Technorati Tags: ddftw, bozos,
So, as I said in the edit to my previous post about the wind-driven cart, I seriously blew it. The folks who pointed out the similarity of the cart to a tacking sailboat were absolutely correct. The guys who built this cart, and recorded the demo were absolutely right, and I was stupidly wrong, in multiple ways. First of all, I thought this was a really simple system. I couldn’t possibly be more wrong about that – this is anything but simple; in fact, it’s a remarkably interesting and elegant demonstration of how complicated and counterintuitive fluid dynamics can be. Second, I completely misunderstood the simple mechanics of the device; I originally thought that the propellor was spinning in the opposite direction – and I completely missed it when people repeatedly tried to explain that error to me. And third, I completely screwed up my own mathematical model of how something like this works.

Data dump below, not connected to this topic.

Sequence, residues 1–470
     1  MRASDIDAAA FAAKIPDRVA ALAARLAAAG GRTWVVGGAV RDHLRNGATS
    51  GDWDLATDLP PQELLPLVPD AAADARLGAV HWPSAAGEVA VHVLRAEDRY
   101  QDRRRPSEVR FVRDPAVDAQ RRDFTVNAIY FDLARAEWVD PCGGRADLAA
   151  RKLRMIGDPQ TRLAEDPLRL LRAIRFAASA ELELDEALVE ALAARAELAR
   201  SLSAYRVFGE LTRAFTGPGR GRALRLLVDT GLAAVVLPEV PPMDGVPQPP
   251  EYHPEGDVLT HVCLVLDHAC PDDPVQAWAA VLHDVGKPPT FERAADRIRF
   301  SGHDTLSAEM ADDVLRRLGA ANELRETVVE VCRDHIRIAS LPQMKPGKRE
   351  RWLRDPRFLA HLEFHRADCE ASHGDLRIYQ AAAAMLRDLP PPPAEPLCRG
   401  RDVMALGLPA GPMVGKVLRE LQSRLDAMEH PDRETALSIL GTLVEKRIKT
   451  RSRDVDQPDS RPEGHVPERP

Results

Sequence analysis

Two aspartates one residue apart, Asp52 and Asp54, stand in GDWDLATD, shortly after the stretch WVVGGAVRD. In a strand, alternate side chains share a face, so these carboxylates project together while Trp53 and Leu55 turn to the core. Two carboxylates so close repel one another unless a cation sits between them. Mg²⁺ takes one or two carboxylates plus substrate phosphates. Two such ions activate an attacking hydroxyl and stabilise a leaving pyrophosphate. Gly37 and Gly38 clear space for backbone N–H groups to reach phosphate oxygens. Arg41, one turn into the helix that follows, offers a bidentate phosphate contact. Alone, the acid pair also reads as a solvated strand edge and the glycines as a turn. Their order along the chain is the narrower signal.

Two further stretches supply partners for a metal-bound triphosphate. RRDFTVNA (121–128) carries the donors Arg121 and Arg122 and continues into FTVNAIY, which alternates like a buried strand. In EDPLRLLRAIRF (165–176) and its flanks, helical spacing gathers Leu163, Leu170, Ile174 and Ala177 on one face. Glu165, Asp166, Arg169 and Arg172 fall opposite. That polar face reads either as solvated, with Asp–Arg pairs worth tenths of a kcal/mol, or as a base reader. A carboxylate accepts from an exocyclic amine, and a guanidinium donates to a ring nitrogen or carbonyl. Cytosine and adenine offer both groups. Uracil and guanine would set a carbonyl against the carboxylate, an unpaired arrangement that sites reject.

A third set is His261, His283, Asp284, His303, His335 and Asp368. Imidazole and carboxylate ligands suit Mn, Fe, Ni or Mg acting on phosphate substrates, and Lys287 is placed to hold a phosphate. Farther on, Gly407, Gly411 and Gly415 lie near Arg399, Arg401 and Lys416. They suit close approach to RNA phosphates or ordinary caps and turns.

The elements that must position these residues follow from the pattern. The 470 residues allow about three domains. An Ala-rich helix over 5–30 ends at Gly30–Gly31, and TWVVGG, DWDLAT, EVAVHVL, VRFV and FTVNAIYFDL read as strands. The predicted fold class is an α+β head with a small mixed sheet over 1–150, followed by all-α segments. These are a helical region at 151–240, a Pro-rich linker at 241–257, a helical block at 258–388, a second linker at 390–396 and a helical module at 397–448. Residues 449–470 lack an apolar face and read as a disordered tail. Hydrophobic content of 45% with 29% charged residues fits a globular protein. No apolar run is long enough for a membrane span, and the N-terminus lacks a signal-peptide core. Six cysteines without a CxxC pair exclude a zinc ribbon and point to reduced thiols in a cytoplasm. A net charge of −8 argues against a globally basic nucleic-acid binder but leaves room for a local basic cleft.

So – to repeat: the guys who did the demo of this are clearly not bozos; the only bozo in this situation is me, for screwing it up so badly, on so many levels. I sincerely apologize for calling them bozos and mocking them. I made a whole series of really stupid errors, and took an unreasonably long time to recognize that fact.
It should be obvious that there’s some way to go downwind faster than the wind, because as so many people pointed out, sailboats do it. It was frankly stupid of me to even argue about this – it’s really pretty boneheadedly obvious. The question never should have been “can it be done?”, but rather just “does this device do it?”
And the answer to that is “Yes”. This thing does do it. It’s not magic, it’s not perpetual motion. In fact, it’s really astonishingly simple, once you realize that the behavior of things moving through air is quite different from the simple rigid system that it appears to be equivalent to.
In this post, I’m going to try to do two things:
- Explain the faulty reasoning that led me to think it couldn’t work, and why it’s wrong.
- Explain why the thing really works.
In another post later this week, I’m going to try to explain why I think the mathematical element is so important. There’s a ton of people who’ve got devices that really look convincing, and that have really convincing arguments for why they should work; only they don’t, because they’ve missed something.